Women need more calcium than men

For some reason, women are more prone to osteoporosis or thinning of the bones than men. Bone consists of much more than calcium, and the factors affecting calcium levels in bone involve more than dietary intake.

The body's calcium balance and bone density can be affected by:

1. hormones

2. physical activity (favourably)

3. vitamin D (from food or formed under the influence of sunlight) (favourably)

4. food and beverage intake

To the extent that any of these factors may be different between men and women, there is the potential for different calcium needs. But, for the majority of men and women, a similar intake of calcium is recommended, currently 800 milligrams per day for adults ( see also appendix 2).

Calcium needs increase to 1100 milligrams per day in the second and third trimesters of pregnancy and 1200 milligrams during lactation.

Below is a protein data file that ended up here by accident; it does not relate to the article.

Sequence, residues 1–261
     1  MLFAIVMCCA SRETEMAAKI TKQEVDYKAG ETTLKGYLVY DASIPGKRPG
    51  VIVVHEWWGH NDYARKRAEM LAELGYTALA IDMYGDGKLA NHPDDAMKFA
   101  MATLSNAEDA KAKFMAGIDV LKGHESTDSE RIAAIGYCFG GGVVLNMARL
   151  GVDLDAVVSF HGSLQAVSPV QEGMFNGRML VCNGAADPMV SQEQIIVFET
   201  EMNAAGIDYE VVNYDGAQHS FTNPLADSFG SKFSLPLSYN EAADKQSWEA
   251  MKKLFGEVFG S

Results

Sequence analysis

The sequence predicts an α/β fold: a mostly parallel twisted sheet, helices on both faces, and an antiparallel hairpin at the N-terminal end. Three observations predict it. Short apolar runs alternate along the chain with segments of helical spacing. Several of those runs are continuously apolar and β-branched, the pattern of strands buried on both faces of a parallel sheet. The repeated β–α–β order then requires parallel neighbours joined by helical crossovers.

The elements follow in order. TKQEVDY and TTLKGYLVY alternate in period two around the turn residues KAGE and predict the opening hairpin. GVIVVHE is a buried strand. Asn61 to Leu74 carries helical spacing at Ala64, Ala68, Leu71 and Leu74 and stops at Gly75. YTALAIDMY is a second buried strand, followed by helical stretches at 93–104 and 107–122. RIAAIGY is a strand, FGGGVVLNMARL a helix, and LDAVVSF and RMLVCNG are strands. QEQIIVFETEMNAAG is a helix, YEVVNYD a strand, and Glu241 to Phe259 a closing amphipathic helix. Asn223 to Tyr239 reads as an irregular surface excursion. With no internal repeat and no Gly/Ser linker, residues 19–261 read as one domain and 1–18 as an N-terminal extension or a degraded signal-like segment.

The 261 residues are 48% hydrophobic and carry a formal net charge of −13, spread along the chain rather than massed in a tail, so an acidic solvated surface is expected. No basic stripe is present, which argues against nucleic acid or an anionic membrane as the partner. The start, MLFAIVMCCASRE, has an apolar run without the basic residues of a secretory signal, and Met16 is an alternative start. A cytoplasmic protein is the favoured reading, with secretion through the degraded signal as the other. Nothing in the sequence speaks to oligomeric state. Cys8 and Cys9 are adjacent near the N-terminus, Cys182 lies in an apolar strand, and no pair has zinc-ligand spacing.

Osteoporosis is particularly common in post-menopausal women. This means that it is especially important for women's bones to be in good condition and for calcium balance to be favourable well before the menopause. But there may still be a case for women, both shortly before and after the menopause to pay particular attention to their calcium intake. Rather than resort to calcium supplements in the first instance, it is worth knowing which foods are good sources of calcium:

FOOD

CALCIUM CONTENT

mg/100 ml or 100 g

Sesame seeds* (and similarly tahina or sesame seed paste) 1160
Milk (low fat allows more calcium per kilojoule or kilocalorie) 120
Yoghurt 150
Nuts 40-250
Wholemeal wheat flour* 40
Green leafy vegetables* (for example, cabbage, endive leaves) 30-80
Legumes 30-80
Cauliflower, broccoli 30-80
NOTE:
Spinach (boiled) 600
Parsley sprigs 330

* Calcium is less bioavailable (usable by the body) in plant foods than it is in animal-derived foods.

Recent evidence indicates that the bioavailability of calcium from food is, in general, better than from calcium supplements.

In making these food choices, it is important not to compromise calcium balance by including foods which adversely affect it. For example, it is better to choose a low sodium dairy product like milk or yoghurt, than a high sodium one like cheese.